Pavlov, What’s in a name?

What’s in a name? To a dog, nothing. Naturally, dogs have no concept of this human idea, however they can learn to associate meaning with the vocal patterns we say. It’s important to understand how dogs learn and process verbal information to troubleshoot training obstacles and performance criteria. Dogs are nonverbal creatures, meaning they communicate primarily through body language. However they can learn to recognize vocal patterns and their association with events and behaviors. Our verbal language means very little to dogs so it is our responsibility to give our dogs a reason to care about the words we say. We can’t expect a dog to know the meaning of “sit” or “come” if they were never formally trained to respond to the cue.

To help your dog to succeed with vocal pattern recognition, be careful to be consistent. Say your cues one time, and pause for a while, if you do not receive the desired response, reset and begin again. Do not say your verbal cues more than once or the dog will come to recognize the pattern in multiples. If you have to say sit 3 times before your pet sits, they are not recognizing the word “sit” they are recognizing the word “sitsitsit”, they do not understand that you are looking for them to identify one piece of the word salad we throw at them as the important information, and will come to rely on you to say the full phrase before getting a response. From your perspective, you will always have to repeat yourself to get your pet to sit, from your pet’s perspective, they wait to hear the full information before performing the behavior. What is commonly described as stubbornness, is most commonly a cultural misunderstanding that is highly preventable.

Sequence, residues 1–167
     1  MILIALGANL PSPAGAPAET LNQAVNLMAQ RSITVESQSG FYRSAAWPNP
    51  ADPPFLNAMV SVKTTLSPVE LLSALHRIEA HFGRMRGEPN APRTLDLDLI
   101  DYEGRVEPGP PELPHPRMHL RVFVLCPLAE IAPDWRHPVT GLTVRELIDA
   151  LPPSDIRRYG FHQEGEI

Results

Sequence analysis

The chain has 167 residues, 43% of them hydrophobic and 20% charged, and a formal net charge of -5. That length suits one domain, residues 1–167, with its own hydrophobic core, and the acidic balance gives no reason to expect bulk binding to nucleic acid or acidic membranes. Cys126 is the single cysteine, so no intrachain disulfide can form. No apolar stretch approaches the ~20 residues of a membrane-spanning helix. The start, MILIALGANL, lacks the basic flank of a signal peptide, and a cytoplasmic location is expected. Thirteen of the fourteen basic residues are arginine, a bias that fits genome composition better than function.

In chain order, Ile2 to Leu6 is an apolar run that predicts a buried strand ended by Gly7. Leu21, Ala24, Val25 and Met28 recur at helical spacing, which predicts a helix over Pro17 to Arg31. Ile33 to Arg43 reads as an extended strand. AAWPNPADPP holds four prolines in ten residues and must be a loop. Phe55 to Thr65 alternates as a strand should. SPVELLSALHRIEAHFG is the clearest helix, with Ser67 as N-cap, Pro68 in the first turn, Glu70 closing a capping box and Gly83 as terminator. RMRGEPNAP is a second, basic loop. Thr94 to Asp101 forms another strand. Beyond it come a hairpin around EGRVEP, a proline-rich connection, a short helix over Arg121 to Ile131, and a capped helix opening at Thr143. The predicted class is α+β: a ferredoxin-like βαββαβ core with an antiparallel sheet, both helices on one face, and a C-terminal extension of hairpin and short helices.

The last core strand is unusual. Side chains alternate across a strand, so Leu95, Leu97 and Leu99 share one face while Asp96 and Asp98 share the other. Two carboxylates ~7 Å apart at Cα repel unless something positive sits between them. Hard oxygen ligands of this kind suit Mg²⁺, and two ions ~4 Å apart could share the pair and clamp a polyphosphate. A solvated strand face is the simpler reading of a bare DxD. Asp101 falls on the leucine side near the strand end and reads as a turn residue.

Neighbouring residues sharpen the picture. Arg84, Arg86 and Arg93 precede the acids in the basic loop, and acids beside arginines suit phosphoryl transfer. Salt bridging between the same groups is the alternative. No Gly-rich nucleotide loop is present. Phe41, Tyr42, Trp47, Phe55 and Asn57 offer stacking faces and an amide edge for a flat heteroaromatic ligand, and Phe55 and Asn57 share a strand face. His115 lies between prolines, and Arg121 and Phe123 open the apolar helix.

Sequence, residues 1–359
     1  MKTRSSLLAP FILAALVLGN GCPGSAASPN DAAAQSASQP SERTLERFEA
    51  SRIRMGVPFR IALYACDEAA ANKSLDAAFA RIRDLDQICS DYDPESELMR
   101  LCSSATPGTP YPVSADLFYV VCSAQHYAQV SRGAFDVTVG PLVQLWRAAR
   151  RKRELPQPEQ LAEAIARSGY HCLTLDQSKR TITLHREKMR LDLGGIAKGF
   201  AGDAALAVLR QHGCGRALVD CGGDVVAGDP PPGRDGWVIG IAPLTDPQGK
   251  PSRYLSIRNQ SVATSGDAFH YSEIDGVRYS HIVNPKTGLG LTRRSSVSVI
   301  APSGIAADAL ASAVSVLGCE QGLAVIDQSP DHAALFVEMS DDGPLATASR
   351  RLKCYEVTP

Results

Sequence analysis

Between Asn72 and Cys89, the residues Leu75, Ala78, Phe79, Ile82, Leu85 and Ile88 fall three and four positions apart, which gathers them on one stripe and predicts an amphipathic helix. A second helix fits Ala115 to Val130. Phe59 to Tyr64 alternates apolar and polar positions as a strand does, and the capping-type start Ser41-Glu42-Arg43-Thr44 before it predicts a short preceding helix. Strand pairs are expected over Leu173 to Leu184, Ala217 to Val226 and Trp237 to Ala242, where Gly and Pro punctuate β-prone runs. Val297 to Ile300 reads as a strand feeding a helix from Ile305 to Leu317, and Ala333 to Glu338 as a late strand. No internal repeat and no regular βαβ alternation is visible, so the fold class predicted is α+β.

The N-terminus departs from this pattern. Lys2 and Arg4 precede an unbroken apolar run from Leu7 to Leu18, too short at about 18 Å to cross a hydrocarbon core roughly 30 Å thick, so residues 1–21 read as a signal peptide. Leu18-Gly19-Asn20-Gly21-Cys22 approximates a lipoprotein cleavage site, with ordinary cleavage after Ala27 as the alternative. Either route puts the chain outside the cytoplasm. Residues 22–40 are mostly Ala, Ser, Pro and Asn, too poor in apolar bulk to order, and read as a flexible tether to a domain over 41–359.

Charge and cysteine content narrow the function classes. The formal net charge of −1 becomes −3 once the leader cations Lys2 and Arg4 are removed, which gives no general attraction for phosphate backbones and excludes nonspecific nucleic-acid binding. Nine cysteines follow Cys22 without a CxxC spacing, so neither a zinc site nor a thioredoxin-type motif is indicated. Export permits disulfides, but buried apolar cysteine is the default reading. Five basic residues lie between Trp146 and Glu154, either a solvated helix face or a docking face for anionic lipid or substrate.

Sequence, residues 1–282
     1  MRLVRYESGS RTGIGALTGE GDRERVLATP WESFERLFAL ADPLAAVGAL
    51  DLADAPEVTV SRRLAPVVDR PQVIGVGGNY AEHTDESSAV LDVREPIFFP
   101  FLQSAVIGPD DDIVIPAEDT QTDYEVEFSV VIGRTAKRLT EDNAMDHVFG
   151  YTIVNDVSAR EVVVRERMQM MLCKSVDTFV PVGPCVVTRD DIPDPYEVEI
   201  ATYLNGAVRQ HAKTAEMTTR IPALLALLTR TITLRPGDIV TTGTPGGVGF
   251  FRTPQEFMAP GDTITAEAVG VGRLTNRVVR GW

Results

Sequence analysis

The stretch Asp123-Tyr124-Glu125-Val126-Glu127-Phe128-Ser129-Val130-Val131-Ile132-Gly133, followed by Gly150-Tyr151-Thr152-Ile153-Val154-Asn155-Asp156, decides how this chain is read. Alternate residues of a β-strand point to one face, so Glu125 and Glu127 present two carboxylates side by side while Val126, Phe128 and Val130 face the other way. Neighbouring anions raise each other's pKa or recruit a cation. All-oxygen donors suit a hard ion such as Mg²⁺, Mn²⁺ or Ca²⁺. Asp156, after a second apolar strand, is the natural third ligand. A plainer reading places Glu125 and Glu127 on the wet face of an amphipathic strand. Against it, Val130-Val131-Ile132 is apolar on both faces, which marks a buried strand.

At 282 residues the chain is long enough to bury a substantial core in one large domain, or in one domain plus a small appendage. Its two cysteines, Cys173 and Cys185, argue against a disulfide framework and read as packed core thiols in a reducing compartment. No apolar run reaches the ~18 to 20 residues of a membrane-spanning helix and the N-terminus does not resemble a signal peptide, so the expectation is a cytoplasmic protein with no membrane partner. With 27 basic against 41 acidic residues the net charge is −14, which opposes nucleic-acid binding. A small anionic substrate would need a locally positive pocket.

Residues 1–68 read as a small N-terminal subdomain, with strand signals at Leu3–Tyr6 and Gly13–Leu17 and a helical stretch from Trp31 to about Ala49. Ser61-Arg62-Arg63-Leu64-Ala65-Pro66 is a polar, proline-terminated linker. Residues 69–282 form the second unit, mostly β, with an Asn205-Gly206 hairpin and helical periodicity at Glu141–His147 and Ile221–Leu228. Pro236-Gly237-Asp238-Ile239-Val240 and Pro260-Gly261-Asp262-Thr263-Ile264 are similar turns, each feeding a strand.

Keep in mind that your dog is also associating your tone with the vocal pattern while learning, be as consistent as possible. Changing the tone, can change how recognizable the vocal pattern is to the dog. Shouting out of frustration or using demanding tones is likely to only confuse your pet. Other members of the family have different pitch and inflection. Have everyone practice so that the dog learns to recognize cues from each member of the family. Over time your pet may learn to generalize and respond to similar patterns, but this process takes time.

Ivan Pavlov is a Russian Physiologist, famous for his work in classical conditioning with dogs. Classical conditioning is a process of learning wherein specific stimuli are paired together to create meaning to the learner. For example, in his famous experiments, Pavlov was able to condition dogs to salivate (drool) at the sound of a bell. He did this by pairing the sound of the bell with food. Every time the bell rang, food would appear immediately afterward. Soon, in the mind of the dogs, the bell came to be synonymous with food and the dogs would salivate in anticipation at the sound. Classical conditioning works to create a reflex, a behavior that happens automatically.